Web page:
Old movies and how cool they are
Call me old-school, call me outdated, but one of my ideas of fun family entertainment is watching classic movies. My sheer fondness for these movies is both appreciated and made fun of by people my age.
I developed this fondness early on, when my dad made me watch Citizen Kane.
Citizen Kane, he told me, is considered the Mount Everest of Hollywood classics along with Gone With The Wind and Casablanca, or in simple words, the greatest of the greatest.
Back then I was completely uninterested in watching something in black and white since it clearly implied being old-fashioned (or so I thought). As a little girl I would sometimes sit and pretend to watch closely those movies with my dad; but to really watch and understand them was a different story.
I didn’t enjoy Citizen Kane and Casablanca much the first time I saw them. Maybe I just didn’t want to enjoy them. I wanted was to watch something contemporary. Something that would make me feel cool when I tell my friends about it. Being included in the cool category meant watching the latest Harry Potter, Lord of the Rings or any other recent blockbuster at the box office. Nobody my age had the remotest idea of what Citizen Kane even was.
My dad would deliberately create the “this is family time” environment in which we all would have to sit in front of the TV screen and watch those movies. It would be deemed almost rude if my sister or I decided on not watching something that my dad had built so much enthusiasm around. When I would speak of how none of my friends have even heard of movies like Top Hat and It’s a wonderful life, dad would say that this difference was what would make me a unique person. It took a few more movies and a few more of those “family time” sessions for me to begin to comprehend the stories and to really listen to the dialogues.
The Wizard of Oz is my favourite movie. It’s a musical that is remarkable in every aspect, from direction to choreography; you could watch it over and over again without getting bored. In time of no computer technology and not-so-advanced cameras, you have to hand it to the director to make a movie that’s spellbinding in every aspect, from its music to its inviting visuals. There is no movie up to this day that can match it. It’s THAT good.
Harry Potter and Inception may have broken records but it’s the 21st century for crying out loud, and we have the marvels of special effects which have, for better or for worse, reinvented the entire movie scene.
As I became fond of watching classics, I couldn’t help but to compare them to the contemporary Hollywood stuff. Old movies had a way about them. They thrived on the simplicity in their stories. Back then there was no high-tech and little glamour, but there was creativity and artistry in abundance. These days most of the movies are just hype.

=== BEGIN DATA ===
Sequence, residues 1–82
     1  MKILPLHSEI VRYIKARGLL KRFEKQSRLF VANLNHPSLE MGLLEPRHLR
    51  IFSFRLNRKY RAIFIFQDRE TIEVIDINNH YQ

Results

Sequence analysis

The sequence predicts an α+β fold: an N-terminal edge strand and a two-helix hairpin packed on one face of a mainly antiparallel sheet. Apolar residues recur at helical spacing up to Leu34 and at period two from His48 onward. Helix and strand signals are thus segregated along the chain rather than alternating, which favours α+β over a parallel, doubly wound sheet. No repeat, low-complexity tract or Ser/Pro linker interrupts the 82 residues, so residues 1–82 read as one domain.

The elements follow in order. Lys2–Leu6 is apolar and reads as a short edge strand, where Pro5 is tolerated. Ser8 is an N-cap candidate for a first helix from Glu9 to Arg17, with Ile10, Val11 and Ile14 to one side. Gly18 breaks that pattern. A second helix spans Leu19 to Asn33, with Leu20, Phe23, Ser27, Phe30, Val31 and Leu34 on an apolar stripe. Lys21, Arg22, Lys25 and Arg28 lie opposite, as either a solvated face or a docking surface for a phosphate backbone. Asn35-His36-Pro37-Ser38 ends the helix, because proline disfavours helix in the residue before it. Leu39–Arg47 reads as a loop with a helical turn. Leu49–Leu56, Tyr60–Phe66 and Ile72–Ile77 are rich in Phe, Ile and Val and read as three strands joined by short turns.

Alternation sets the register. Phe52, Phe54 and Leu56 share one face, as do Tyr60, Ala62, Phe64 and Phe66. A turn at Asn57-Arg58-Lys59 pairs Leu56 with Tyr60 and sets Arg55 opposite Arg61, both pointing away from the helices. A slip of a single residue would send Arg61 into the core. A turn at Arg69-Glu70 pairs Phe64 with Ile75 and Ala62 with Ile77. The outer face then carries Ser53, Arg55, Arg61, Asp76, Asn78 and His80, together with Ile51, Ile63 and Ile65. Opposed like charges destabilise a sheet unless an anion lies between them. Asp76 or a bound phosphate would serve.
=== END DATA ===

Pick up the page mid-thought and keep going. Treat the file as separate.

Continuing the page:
By that I don’t mean that today’s filmmakers lack creativity (although perhaps they do), but their reliance on special effects, formula endings and clichés makes everything just so predictable. Why is the bad guy always a foreigner? Why does the hero never run out of ammunition? Why a person jumping in somebody else’s car finds it unlocked? Rarely do I feel that there’s a surprise in store for me when I watch a trailer of some new movie.
Before you start to think that I’m acting like some intellectual film critic, hold on a minute. My weekends would be incomplete without a trip to the movies. There are some genuinely terrific contemporary Hollywood movies, ones that don’t make much sense but are fun to watch anyway; ones with a brutally idiotic plot, and many with no plot at all.
Those I watch just to yell out colourful swear words at the screen. At times, fun comes from that too. And let’s not neglect Indian movies. As biased as I sound, I don’t find it hard abandonomg the compartment of my brain that deals with common sense before inserting I hate Luv Stories or Aisha into the DVD player. For the next few days I normally end up humming the catchy title song of the movie. Bollywood is incredible with music.
Speaking of Indian movies, the foreign film industry is usually overshadowed by Hollywood. My dad, however, introduced me to Italian, French, German and Iranian cinema. Often made with low budgets, they are simple and logical. They show everyday patterns of speech. They teach you a lot about another culture. People in them are actually human.
I wish these movies would win Oscars so I could spend money buying expensive tickets to movies such as Colours of Paradise or He loves me, he loves me not. These two movies are so gripping you’d forget you’re reading subtitles. There is no reason why these movies won’t appeal to an average movie lover apart from the fact that there is no buzz surrounding them.
I have a recurring fantasy of becoming a famous actress and I wish I was brought up in the era where I could be just another Elizabeth Taylor or Audrey Hepburn or even Juliette Binoche. For the time being, I’ll just go make myself some popcorn and settle on my couch for a dose of a classic or a foreign movie. Meanwhile you can make a trip to Radio City or Illusions. It’s about time we all woke up to the different cinema. Let’s go!
The views expressed by the writer and the reader comments do not necessarily reflect the views and policies of The Express Tribune.